About the Author

Susan Prothro Wright, associate professor of American and British literature at Clark Atlanta University, has published on Chesnutt and other American authors in a variety of scholarly venues.

Ernestine Pickens Glass is professor emerita of English at Clark Atlanta University. She is the author of Charles W. Chesnutt and the Progressive Movement and editor of Frederick Douglass by Charles W. Chesnutt: A Centenary Edition.

Product Details

ISBN:
9781604734164
Publisher:
University Press of Mississippi
Subject:
Passing (Identity)
Editor:
Wright, Susan Prothro
Editor:
Glass, Ernestine Pickens
Author:
Wright, Susan Prothro
Author:
Glass, Ernestine Pickens
Author:
s Glass
Author:
Ernestine Picken
Subject:
Chesnutt, Charles W
Subject:
American - African American
Subject:
Essays
Subject:
Literary Criticism : American - African American
Subject:
African-American & Black
Subject:
American Literature; African American Studies
Subject:
American literature
Subject:
African American Studies
Subject:
Literary Criticism : General
Series:
Margaret Walker Alexander Series in African American Studies
Publication Date:
20100231
Binding:
HARDCOVER
Language:
English
Pages:
160
Dimensions:
9 x 6 in

Related Subjects

Fiction and Poetry » Anthologies » Essays
Humanities » Literary Criticism » General

Passing in the Works of Charles W. Chesnutt
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$ In Stock
Product details 160 pages University Press of Mississippi - English 9781604734164 Reviews:
"Synopsis" by , An exploration of a great American writer's abiding concern with the color line
"Synopsis" by , Passing in the Works of Charles W. Chesnutt is a collection that reevaluates Chesnutt's deft manipulation of the "passing" theme to expand understanding of the author's fiction and nonfiction. Nine contributors apply a variety of theories---including intertextual, signifying/discourse analysis, narratological, formal, psychoanalytical, new historical, reader response, and performative frameworks---to add richness to readings of Chesnutt's works. Together the essays provide convincing evidence that "passing" is an intricate, essential part of Chesnutt's writing, and that it appears in all the genres he wielded: journal entries, speeches, essays, and short and long fiction.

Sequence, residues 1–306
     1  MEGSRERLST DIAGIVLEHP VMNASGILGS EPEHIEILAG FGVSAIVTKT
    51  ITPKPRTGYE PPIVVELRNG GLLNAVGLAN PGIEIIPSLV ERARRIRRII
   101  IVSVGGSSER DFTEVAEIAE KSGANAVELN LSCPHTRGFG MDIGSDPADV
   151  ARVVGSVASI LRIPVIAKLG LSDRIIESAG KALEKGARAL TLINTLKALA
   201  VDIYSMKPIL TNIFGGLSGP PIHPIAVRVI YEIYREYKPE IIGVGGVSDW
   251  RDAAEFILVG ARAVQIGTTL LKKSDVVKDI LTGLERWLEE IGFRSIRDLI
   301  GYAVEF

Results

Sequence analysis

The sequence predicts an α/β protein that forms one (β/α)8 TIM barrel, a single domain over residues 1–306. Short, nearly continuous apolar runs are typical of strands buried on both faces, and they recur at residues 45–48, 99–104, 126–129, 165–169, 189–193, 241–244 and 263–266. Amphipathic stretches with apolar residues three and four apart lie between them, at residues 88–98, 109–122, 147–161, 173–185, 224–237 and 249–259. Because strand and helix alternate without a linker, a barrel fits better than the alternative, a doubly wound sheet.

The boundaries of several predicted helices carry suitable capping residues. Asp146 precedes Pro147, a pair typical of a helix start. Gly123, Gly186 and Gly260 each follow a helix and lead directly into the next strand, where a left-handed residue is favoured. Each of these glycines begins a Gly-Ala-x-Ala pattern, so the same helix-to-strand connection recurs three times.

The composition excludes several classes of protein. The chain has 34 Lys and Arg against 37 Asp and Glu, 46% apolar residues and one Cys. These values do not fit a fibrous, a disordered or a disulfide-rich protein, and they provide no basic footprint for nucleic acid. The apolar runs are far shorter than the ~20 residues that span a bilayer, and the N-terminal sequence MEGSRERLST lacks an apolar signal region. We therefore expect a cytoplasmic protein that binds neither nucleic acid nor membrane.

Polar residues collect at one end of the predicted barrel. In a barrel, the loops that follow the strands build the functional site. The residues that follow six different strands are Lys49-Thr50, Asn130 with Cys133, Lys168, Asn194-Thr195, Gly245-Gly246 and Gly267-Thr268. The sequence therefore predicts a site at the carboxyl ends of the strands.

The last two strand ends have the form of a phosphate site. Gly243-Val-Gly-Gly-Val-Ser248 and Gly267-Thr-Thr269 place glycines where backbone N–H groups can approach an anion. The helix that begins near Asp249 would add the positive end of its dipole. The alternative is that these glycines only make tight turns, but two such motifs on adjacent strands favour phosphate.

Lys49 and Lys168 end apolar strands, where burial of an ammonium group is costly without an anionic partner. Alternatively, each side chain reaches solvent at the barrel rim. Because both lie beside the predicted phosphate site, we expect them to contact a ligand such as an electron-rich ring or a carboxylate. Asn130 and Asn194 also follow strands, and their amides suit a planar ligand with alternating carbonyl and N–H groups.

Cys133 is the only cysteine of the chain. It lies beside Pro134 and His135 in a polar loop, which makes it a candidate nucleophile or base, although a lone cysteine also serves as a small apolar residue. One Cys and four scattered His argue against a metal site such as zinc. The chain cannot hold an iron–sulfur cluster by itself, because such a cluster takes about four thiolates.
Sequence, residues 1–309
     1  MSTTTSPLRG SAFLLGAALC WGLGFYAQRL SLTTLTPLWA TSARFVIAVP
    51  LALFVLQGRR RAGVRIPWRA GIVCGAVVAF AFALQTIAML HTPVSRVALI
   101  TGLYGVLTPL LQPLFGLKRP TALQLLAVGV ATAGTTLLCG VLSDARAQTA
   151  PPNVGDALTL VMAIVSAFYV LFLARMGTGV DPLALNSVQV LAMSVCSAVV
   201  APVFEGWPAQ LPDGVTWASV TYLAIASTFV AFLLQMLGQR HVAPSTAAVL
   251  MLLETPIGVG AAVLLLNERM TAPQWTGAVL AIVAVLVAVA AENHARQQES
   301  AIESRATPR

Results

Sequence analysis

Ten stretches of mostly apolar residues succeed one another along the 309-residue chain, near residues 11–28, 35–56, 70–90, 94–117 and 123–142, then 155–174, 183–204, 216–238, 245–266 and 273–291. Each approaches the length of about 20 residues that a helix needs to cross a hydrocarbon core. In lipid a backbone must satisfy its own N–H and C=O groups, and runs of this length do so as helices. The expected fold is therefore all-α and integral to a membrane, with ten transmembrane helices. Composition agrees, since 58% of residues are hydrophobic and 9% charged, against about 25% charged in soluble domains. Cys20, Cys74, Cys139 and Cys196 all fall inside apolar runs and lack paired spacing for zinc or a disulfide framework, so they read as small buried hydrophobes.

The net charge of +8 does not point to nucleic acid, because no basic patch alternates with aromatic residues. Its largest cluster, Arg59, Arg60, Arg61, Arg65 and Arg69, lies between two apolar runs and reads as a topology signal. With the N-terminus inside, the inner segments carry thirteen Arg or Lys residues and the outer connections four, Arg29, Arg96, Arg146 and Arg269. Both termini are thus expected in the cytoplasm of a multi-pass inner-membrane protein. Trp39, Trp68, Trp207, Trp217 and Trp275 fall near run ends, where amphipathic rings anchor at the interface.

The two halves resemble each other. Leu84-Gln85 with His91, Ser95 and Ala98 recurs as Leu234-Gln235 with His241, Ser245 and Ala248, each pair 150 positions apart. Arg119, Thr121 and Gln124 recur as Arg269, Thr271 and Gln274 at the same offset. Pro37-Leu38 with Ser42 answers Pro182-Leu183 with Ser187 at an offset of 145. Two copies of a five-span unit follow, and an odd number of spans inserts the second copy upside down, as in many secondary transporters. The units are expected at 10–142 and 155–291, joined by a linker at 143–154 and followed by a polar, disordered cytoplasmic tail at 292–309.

The essays engage with each other to display the continuum in Chesnutt's thinking as he began his writing career and established his sense of social activism, as evidenced in his early journal entries. Collectively, the essays follow Chesnutt's works as he proceeded through the Jim Crow era, honing his ability to manipulate his mostly white audience through the astute, though apparently self-effacing, narrator, Uncle Julius, of his popular conjure tales. Chesnutt's ability to subvert audience expectations is equally noticeable in the subtle irony of his short stories. Several of the collection's essays address Chesnutt's novels, including Paul Marchand, F.M.C., Mandy Oxendine, The House Behind the Cedars, and Evelyn's Husband. The volume opens up new paths of inquiry into a major African American writer's oeuvre.